I found myself most interested in loans that might get people over a specific problem that’s holding back their business.  For example, Cecilia Tettey in Ghana buys corn from farmers and sells it to retailers in the city.  She needs better transportation, which could really big boost for her business if it meant more trips to the city or less time spent on the road.

It’s interesting to try thinking like an investor.  Along with the text, you find yourself studying the pictures for clues.  Would this person pay back the loan?  Do they look honest?  A hard worker?

 

Mehman Mirzayev

 
In the end we can’t help but be influenced by the images.  Somehow the man above reminds me of my father-in-law.  And my friend Ross who always stops to help people with car trouble.  Heck, even the fact that he’s working in the cold makes me want to help him.

Traditional economic theory is all about rational decisions.  Spreadsheets and calculators.  Lending like this is interesting because it  can’t be done rationally.  You just don’t get enough information.  A picture, a paragraph or two and your gut.  That’s it.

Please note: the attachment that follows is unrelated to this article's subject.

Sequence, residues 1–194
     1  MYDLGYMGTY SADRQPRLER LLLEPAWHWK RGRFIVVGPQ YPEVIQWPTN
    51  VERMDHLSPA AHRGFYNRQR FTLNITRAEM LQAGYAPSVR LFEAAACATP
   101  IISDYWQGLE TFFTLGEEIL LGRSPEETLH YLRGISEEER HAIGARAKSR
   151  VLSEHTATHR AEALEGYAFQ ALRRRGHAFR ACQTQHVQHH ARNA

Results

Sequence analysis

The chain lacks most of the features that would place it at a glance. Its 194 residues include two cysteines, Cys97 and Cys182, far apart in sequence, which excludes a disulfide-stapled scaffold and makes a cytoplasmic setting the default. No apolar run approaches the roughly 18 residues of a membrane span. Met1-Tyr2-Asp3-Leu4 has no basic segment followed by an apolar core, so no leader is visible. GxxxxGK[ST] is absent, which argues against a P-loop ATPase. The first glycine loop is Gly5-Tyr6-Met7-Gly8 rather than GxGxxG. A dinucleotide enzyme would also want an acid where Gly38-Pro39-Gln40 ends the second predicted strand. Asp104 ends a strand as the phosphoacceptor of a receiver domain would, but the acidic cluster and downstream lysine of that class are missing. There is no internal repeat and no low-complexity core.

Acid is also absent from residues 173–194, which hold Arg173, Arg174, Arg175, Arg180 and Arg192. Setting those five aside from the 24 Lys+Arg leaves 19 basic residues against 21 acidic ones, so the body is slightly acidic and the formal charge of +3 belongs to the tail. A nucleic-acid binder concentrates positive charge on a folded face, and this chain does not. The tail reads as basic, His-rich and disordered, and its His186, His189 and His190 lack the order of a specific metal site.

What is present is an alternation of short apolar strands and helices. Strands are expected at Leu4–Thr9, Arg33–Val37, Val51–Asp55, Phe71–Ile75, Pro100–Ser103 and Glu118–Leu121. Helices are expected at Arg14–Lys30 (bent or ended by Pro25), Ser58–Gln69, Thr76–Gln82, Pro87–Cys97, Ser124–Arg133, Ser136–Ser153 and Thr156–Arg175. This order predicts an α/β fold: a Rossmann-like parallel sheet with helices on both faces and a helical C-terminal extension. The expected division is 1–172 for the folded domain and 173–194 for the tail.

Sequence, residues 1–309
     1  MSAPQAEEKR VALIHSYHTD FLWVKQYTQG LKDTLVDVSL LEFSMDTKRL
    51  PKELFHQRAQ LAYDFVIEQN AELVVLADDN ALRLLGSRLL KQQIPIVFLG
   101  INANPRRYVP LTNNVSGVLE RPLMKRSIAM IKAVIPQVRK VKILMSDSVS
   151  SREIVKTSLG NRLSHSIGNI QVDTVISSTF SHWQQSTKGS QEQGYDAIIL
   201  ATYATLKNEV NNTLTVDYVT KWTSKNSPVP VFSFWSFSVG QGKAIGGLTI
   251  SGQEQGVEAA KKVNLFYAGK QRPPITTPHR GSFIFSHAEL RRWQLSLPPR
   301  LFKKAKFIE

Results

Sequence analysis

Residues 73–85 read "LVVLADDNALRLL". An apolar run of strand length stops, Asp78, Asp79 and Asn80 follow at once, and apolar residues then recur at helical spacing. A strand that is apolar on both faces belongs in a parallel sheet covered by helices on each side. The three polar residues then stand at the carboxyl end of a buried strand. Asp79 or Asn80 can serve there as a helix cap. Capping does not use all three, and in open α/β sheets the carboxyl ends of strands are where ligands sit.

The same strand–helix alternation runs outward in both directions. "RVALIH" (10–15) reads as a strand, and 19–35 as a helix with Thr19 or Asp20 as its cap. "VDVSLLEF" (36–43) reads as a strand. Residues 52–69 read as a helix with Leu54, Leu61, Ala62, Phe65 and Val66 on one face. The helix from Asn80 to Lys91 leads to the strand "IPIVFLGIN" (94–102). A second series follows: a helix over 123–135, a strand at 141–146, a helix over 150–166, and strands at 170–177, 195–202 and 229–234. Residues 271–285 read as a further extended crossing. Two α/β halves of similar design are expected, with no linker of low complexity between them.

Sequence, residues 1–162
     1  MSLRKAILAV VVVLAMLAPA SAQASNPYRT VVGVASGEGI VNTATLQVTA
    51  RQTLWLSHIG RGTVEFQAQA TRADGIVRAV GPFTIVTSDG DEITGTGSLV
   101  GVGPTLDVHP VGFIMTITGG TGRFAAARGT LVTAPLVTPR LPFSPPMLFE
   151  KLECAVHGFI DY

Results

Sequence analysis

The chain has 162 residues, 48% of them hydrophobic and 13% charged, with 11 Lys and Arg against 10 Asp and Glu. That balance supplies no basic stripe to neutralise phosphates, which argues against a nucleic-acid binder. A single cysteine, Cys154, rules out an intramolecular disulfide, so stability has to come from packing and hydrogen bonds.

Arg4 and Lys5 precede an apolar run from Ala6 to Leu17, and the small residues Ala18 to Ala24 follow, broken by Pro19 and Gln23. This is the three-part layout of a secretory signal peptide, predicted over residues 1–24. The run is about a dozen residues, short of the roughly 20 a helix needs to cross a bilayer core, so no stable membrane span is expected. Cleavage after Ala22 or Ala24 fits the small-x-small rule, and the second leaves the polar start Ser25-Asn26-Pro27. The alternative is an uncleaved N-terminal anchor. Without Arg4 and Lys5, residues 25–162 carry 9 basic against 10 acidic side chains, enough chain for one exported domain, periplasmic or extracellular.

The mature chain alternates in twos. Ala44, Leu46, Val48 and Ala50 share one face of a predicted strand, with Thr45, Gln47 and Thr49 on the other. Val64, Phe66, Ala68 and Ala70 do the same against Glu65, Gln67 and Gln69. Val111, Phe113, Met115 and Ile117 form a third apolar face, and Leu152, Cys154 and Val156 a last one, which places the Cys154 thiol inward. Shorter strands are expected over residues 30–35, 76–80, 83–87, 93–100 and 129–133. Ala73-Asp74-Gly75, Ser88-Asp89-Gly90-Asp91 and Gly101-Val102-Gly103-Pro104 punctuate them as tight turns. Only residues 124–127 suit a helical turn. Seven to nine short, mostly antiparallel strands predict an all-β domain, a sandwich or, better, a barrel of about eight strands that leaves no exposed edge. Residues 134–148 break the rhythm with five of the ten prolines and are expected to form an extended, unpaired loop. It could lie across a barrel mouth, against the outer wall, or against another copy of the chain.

Somehow the lack of perfect information makes it fun.  With more information I might find myself trying to calculate return on investment.  Instead I find myself thinking “holy smokes lady! That corn looks heavy.  Maybe this loan will help you buy a truck.”

What do you think, is this the future of giving?  Would it change the equation if the rate of return wasn’t 0%?

on finding a designer

March 1, 2007

We recently posted a job looking for a designer for our startup.

We wanted a design geek who could banter usability theory on the phone, then hang up and make magic happen in the code.  Not an easy person to find, and ultimately we posted this job twice to find the right person.[1]

We received over 250 applications, and going through them was an adventure.  As they came in I checked their portfolios and sorted applications into “oooh”, “maybe” and “no”.  This worked well enough, and I could move applications from one category to another as the process went along.[2]

Along with all the generic “I want a job” applications destined for the trash, we heard from a diverse crowd.  One email might be from someone in New York requiring $120/hour, and the next from a small team in Poland competing on price at $7/hour.